Jorge Arévalo Mateus earned a PhD in ethnomusicology from Wesleyan in 2013.
Jorge Arévalo Mateus PhD ’13 is a lead scholar on a developing plan for The New York State Archives. The plan will focus on the collection and preservation of, as well as accessibility to, records involving under-documented topics and communities.
Arévalo Mateus will guide the research process of the project, which will include surveys on collections and communities and regional meetings across the state. The project is one of the Documentary Heritage and Preservation Services for New York (DHPSNY), a statewide program that supports a network of library and archival repositories that contain New York’s historical records and is in conversation with other collecting institutions in the state.
Alicia Hernandez Strong ’18, a leader and community activist in her hometown of New Britain, was named one of Connecticut Magazine‘s “40 under 40.” (Photo courtesy of Alicia Strong)
Connecticut Magazine included Alicia Hernandez Strong ’18 in its 2019 list of “40 Under 40,” recognizing her leadership in community activism. “With her firm convictions, Strong lives up to her name,” the magazine wrote.
“I am honored to be included in Connecticut’s ’40 Under 40′ Class of 2019. It is truly a testament to my hard work and dedication,” Strong said.
At 21 years old, Strong became the youngest person nationally to be given the title of executive director of the Connecticut chapter of Council on American-Islamic Relations (CAIR), where she worked for less than a year before leaving to pursue goals outside of educating the general public about Islam. After leaving the council, Strong started a social media marketing firm in New Britain to help small businesses.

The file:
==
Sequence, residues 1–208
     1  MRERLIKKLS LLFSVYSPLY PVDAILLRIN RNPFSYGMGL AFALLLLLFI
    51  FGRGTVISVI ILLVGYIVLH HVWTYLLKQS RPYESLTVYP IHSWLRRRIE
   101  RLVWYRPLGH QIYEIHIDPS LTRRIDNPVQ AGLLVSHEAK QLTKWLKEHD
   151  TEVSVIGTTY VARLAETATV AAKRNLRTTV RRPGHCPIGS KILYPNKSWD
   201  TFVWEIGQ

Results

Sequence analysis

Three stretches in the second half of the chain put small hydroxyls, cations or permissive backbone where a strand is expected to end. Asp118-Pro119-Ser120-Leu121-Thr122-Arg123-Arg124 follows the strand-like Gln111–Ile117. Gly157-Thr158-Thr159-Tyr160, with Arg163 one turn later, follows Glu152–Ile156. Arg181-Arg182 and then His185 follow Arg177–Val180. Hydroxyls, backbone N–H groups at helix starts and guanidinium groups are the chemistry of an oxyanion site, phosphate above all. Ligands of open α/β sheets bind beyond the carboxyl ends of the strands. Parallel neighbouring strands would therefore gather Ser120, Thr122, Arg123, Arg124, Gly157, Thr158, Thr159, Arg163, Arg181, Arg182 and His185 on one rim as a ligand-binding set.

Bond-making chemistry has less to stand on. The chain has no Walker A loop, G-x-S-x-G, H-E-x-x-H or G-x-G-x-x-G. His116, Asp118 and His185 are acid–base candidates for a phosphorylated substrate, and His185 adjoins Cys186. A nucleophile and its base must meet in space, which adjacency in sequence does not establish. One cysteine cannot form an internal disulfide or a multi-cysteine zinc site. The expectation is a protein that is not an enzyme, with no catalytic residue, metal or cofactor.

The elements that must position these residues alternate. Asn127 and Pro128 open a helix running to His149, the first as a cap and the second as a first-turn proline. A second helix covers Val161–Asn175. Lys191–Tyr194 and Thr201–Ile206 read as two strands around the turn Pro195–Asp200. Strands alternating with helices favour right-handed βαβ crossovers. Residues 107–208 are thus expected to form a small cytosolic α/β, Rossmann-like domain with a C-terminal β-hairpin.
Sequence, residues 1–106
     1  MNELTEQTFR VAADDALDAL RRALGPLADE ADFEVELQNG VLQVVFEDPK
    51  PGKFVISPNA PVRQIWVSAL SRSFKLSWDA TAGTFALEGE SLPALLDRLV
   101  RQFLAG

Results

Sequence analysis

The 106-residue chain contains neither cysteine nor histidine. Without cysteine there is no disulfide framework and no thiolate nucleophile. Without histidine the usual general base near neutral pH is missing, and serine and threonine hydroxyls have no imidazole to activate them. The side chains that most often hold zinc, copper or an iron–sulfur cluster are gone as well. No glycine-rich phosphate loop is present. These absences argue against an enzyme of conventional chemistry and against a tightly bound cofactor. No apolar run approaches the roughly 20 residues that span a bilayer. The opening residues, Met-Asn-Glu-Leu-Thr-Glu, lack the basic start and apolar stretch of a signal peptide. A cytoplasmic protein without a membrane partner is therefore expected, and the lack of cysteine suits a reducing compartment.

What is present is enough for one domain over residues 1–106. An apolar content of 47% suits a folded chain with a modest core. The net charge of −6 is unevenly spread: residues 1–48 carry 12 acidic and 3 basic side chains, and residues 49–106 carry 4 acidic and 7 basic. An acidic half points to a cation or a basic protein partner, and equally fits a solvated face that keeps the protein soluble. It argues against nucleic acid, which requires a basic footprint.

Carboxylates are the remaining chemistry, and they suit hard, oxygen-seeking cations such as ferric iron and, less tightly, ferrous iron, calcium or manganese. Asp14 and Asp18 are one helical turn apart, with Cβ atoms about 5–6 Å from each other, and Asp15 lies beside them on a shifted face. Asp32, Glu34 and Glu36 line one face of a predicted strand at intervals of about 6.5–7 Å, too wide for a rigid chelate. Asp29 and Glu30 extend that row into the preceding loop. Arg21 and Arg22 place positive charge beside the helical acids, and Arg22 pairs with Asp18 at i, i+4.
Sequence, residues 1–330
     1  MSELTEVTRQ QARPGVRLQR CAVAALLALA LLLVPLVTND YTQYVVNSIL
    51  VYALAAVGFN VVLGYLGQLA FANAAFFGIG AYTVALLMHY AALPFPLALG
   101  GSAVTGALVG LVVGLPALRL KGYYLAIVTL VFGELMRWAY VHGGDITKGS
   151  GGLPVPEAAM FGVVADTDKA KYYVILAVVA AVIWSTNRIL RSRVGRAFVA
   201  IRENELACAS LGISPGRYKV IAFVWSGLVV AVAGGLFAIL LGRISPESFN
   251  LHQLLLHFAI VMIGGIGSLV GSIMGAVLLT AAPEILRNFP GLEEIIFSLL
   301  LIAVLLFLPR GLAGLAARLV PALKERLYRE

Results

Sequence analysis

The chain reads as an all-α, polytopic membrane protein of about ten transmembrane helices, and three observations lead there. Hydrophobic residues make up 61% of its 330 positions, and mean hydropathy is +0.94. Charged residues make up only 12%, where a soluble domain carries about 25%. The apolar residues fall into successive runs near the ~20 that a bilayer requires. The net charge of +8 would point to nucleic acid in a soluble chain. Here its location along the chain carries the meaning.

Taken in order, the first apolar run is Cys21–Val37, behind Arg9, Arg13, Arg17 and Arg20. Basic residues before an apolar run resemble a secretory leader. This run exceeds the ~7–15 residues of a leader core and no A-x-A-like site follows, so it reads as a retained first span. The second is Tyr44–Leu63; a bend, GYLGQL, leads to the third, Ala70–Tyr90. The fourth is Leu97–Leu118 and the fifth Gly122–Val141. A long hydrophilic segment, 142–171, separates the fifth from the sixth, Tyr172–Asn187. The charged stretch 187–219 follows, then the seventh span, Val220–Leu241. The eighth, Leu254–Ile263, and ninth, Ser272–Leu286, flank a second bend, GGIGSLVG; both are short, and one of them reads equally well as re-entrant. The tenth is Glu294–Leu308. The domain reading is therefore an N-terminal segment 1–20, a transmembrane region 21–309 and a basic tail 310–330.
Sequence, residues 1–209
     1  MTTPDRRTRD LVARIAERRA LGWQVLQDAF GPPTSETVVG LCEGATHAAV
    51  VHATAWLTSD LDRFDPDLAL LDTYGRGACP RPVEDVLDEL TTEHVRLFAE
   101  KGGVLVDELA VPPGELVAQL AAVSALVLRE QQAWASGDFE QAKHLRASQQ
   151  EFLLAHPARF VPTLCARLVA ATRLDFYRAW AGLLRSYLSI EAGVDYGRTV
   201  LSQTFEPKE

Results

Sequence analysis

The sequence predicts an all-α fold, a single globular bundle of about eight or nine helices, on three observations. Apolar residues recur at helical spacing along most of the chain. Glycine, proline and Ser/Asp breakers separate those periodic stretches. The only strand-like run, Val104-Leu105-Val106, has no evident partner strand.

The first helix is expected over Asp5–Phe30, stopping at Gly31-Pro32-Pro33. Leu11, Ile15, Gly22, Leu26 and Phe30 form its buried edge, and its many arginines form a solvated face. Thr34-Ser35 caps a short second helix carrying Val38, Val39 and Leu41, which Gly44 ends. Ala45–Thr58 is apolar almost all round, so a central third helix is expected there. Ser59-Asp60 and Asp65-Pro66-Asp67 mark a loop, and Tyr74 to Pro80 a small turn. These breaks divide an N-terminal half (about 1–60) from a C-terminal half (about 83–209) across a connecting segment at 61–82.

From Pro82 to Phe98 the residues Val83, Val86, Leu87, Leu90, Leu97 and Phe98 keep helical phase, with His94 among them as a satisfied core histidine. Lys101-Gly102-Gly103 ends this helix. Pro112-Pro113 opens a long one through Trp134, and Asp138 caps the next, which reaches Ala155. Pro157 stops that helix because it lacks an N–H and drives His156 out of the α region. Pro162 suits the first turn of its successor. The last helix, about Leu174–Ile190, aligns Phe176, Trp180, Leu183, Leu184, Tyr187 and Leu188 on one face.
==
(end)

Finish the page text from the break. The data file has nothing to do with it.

Strong will soon begin graduate school at the MacMillan Center for International and Area Studies at Yale University.
Audible Bacillus opened at the Ezra and Cecile Zilkha Gallery on Jan. 29.
The opening reception included opening remarks by curator Benjamin Chaffee, associate director of visual arts.
With the exhibit, Chaffee set out to answer questions such as, “What does it mean for our world concept, language, ethics, and knowledge if we accept that human bodies coevolved with their microbiomes?”
The works are presented as investigations into a variety of themes including alternative epistemologies, the nature and source of volition, a breakdown of the boundary between self/other, the limits of our language(s), and the radical care we need to sustain a future.
Stromatolites, the fossilized remains of ancient cyanobacteria that were the dominant species on the Earth billions of years ago, are included in the exhibition.
The exhibit presents pieces of audio and video to create an experience of movement for visitors, mirroring Chaffee’s efforts to understand the fluidity of the human biome.
The exhibit also incorporates multimedia pieces, including artist Ed Atkin’s video short titled “Warm, Warm, Warm Spring Mouths.”